Victoria Cross.
Order of the Garter.
Order of the Thistle.
Order of St. Patrick.
Order of the Bath.
Order of Merit (immediately after Knights Grand Cross of the
Order of the Bath).
Order of the Star of India.
Order of St. Michael and St. George.
Order of the Indian Empire.
Order of the Crown of India.
Royal Victorian Order (Classes I., II., and III.).
Order of the British Empire (Classes I., II., and III.).
Order of the Companions of Honour (immediately after Knights
and Dames Grand Cross of the Order of the British Empire).
Distinguished Service Order.
Royal Victorian Order (Class IV.).
Order of the British Empire (Class IV.).
Imperial Service Order.
Royal Victorian Order (Class V.).
Order of the British Empire (Class V.).
Royal Red Cross (Class I.).
Distinguished Service Cross (Naval).
Military Cross.
Distinguished Flying Cross.
Air Force Cross.
Royal Red Cross (Class II.).
Order of British India.
Indian Order of Merit (Military).
Kaisir-I-Hind Medal.
Order of St. John of Jerusalem in England.
Albert Medal.
Medal for Distinguished Conduct in the Field (Military)
Conspicuous Gallantry Medal (Naval).
Distinguished Service Medal (Naval).
Military Medal.
Distinguished Flying Medal.
Air Force Medal.
War Medals (in Order of Date).
Arctic Medal, 1815-1855.
Arctic Medal, 1876.
Antarctic Medal, 1901-1903.
Constabulary Medal (Ireland).
Board of Trade Medal for Saving Life at Sea.
Indian Order of Merit (Civil).
Edward Medal.
Indian Distinguished Service Medal.
King's Police Medal.
Queen Victoria's Jubilee Medal, 1887 (Gold, Silver, and Bronze).
Queen Victoria's Police Jubilee Medal, 1887.
Queen Victoria's Jubilee Medal, 1897 (Gold, Silver, and Bronze).
Queen Victoria's Police Jubilee Medal, 1897.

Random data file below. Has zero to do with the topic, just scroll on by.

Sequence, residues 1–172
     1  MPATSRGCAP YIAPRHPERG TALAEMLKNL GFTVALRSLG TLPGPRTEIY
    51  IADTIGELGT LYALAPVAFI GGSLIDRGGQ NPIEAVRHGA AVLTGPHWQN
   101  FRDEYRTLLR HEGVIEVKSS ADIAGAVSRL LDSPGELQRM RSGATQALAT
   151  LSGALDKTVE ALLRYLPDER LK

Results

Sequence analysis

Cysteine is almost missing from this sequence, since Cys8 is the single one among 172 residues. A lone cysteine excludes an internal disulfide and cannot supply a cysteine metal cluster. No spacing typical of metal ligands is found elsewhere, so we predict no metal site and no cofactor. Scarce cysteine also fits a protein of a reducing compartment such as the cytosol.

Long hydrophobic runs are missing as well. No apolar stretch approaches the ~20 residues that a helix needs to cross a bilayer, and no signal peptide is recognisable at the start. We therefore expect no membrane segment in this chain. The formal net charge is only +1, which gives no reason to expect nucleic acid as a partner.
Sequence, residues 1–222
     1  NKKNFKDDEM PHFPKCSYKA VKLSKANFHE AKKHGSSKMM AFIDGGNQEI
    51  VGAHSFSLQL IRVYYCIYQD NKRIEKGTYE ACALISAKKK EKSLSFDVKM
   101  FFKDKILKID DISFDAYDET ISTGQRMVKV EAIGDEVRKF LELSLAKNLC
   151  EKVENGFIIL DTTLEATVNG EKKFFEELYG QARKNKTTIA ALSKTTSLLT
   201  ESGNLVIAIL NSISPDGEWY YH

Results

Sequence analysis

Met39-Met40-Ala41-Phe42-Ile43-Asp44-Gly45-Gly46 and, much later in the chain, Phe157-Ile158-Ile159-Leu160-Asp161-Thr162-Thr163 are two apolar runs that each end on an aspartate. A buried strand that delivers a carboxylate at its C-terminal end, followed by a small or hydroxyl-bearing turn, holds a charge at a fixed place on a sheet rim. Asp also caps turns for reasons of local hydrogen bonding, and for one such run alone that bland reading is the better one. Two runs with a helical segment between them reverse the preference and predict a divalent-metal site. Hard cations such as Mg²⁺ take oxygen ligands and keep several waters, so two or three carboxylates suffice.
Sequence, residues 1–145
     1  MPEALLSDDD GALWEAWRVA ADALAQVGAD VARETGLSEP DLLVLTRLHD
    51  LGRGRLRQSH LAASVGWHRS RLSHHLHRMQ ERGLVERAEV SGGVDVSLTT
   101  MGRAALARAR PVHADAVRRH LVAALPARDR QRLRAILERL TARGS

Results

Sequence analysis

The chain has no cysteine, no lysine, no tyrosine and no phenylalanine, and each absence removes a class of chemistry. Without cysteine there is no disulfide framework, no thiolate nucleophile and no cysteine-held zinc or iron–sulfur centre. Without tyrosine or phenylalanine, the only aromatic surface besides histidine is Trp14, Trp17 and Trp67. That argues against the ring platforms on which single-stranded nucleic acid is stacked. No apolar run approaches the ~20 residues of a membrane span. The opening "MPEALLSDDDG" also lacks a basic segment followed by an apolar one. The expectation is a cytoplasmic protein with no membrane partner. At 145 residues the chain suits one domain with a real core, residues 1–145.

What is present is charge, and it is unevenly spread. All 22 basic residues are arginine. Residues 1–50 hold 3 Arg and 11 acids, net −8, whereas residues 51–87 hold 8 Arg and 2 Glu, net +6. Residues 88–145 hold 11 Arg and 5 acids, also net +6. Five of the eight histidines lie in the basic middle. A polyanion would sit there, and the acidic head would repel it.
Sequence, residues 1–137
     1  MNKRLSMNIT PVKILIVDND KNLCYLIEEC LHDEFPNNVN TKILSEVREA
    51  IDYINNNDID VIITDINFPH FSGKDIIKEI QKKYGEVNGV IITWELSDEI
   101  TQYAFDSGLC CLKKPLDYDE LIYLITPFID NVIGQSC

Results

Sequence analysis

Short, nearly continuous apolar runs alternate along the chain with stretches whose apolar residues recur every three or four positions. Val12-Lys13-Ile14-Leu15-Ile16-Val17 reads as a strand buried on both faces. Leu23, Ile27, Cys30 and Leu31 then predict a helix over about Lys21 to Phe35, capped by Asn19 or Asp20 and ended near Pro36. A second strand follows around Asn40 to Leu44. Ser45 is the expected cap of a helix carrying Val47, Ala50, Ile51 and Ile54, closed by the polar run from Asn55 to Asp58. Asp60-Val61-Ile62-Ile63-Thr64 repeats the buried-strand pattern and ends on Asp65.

Queen Victoria's Commemoration Medal, 1900 (Ireland).
King Edward's Coronation Medal.
King Edward's Police Coronation Medal.
King Edward's Durbar Medal (Gold, Silver, and Bronze).
King Edward's Police Medal (Scotland).
King's Medal, 1903 (Ireland).
King George's Coronation Medal.
King George's Police Coronation Medal.
King's Visit Police Commemoration Medal, 1911 (Ireland).
King George's Durbar Medal (Gold, Silver, and Bronze).
Long Service and Good Conduct Medal.
Naval Long Service and Good Conduct Medal.
Medal for Meritorious Service.
Indian Long Service and Good Conduct Medal (for Europeans
of Indian Army).
Indian Meritorious Service Medal (for Europeans of Indian Army).
Indian Long Service and Good Conduct Medal (for Native Army).
Indian Meritorious Service Medal (for Native Army).
Volunteer Officers' Decoration.
Volunteer Long Service Medal.
Volunteer Officers' Decoration (for India and the Colonies).
Volunteer Long Service Medal (for India and the Colonies).
Colonial Auxiliary Forces Officers' Decoration.
Colonial Auxiliary Forces Long Service Medal.
Medal Good Shooting (Naval).
Militia Long Service Medal.

Imperial Yeomanry Long Service Medal.

Territorial Force Efficiency Medal.
Territorial Decoration.